The Page — November 2, 2007

Editor’s Note: I take it someone didn’t pay quite enough attention to the documentary.

Tom Petty documentary a must see for fans
By Ari Jacknow
The Page — November 2, 2007

Runnin’ Down a Dream, a Peter Bogdanovich documentary, recounts the 30-year career of rock-and-roll band legends, Tom Petty and the Heartbreakers.

The world premiere of this documentary only played in three theatres in the Bay Area (28 showings total in the U.S.) on October 15. It was a private screening, with limited tickets.
You’d think any movie that is four hours long would be painful to sit through, but this documentary is not one of those. Even if you aren’t a complete Tom Petty fanatic, this film will draw you in from the start and leave you totally inspired.

With Tom Petty and all the Heartbreakers’ numerous commentaries throughout the movie, this documentary provides insight into some of the funniest stories of touring and their experience. Tons of concert footage and random home-made videos of the band are interspersed throughout the documentary. You definitely see a butt or two, and a hilarious headphone volume malfunction that almost deafens the band members in the recording studio.

The movie starts at Tom Petty’s very beginning, in Gainesville, Florida, where his first band in the late 1970s called the Epics, which later turned to Mudcrutch, grew up. The band consisted of Petty and later Heartbreakers members keyboardist Benmont Tench, guitarist Mike Campbell and Tom Petty.

A few years later, Mudcrutch became Tom Petty and the Heartbreakers, adding drummer Stan Linch, and bassist Ron Blair. They land a record deal with Capitol records and were touring England and Europe though they were not yet popular in America.

One video included in the film was of Tom Petty’s first crowd jump, at a show in San Francisco in 1978. Petty jumps out into the crowd, and cannot return to the stage for at least five minutes. He recounts how beat up he got, and how it was the first time he realized that the crowd really was dangerous.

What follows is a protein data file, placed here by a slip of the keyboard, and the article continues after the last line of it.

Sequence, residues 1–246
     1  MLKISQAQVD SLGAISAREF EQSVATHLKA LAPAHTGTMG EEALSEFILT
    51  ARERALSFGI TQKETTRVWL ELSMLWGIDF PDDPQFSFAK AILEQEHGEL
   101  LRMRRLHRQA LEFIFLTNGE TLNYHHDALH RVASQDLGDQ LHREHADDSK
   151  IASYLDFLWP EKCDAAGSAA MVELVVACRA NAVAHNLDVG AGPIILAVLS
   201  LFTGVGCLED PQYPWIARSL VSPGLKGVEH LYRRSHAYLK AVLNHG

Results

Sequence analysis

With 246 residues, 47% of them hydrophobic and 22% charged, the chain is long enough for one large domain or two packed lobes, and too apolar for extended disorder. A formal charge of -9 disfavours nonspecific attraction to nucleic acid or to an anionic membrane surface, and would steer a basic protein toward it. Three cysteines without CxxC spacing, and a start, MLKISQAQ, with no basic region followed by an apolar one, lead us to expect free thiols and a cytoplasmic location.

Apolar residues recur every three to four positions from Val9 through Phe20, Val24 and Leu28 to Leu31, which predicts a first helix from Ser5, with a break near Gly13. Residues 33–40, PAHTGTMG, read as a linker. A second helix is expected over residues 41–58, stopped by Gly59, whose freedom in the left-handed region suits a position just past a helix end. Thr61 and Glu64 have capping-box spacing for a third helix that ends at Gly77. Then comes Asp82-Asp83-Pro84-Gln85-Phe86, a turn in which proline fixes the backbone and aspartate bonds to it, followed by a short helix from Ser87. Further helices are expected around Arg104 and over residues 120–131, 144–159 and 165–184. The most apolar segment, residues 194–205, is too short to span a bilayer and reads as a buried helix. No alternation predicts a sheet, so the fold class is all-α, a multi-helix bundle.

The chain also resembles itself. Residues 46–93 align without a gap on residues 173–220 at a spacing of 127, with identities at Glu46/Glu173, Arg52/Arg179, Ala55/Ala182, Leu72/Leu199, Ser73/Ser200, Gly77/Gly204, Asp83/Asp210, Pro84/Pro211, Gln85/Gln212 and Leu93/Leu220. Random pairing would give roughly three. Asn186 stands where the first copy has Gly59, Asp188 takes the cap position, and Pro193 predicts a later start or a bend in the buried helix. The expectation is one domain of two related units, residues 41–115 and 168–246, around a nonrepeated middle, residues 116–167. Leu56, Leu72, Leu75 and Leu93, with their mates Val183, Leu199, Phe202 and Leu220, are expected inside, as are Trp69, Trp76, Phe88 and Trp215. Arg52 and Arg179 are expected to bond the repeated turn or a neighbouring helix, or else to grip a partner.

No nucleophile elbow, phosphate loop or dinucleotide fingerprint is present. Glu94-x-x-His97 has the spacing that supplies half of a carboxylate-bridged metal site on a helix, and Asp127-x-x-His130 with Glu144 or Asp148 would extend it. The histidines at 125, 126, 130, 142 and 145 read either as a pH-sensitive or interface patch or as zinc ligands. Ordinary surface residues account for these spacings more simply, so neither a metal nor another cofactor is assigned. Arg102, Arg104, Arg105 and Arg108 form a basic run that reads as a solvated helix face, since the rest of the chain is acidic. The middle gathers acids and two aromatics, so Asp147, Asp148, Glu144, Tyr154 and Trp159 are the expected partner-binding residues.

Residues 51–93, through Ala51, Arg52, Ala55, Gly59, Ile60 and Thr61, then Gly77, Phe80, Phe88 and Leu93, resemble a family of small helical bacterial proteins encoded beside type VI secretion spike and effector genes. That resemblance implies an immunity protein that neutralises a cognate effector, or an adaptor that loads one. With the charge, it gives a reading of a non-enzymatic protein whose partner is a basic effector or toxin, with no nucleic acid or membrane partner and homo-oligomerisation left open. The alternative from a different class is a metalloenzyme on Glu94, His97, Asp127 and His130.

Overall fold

“Maybe they were thinking they could get a finger or something,” said Petty.

The documentary branches off, covering Tom Petty’s other numerous bands including the Traveling Wilburys and his extremely successful solo album in 1993, Full Moon Fever. The Heartbreakers worked with Petty the whole time in creating the album, and it was the last one Linch ever did. In 1994, for their Wildflowers record, Steve Ferroni became the new drummer, and was there to stay.

The documentary becomes a little intense with Howie Epstein’s death in 2003. Although the film never tells the audience exactly how he dies, you can tell that it was a changing event and the band took it hard. The documentary becomes a little tense. The original bassist, Blair, joined the band again.

One good thing about this film is that it doesn’t focus on Tom Petty’s outside life very much. It barely mentioned his wife or daughters, except when they were divorced, or when a fire in 1987 destroyed his house. It’s completely focused on the band.

The television premiere of this documentary was aired on October 29th on the Sundance Channel. If you didn’t see it then, there is a four-disc DVD for sale on TomPetty.com with even more extra never-before seen concert footage. If you’re a Tom Petty fan, or have maybe only heard a couple of the Heartbreakers’ songs, this film is a must. A-

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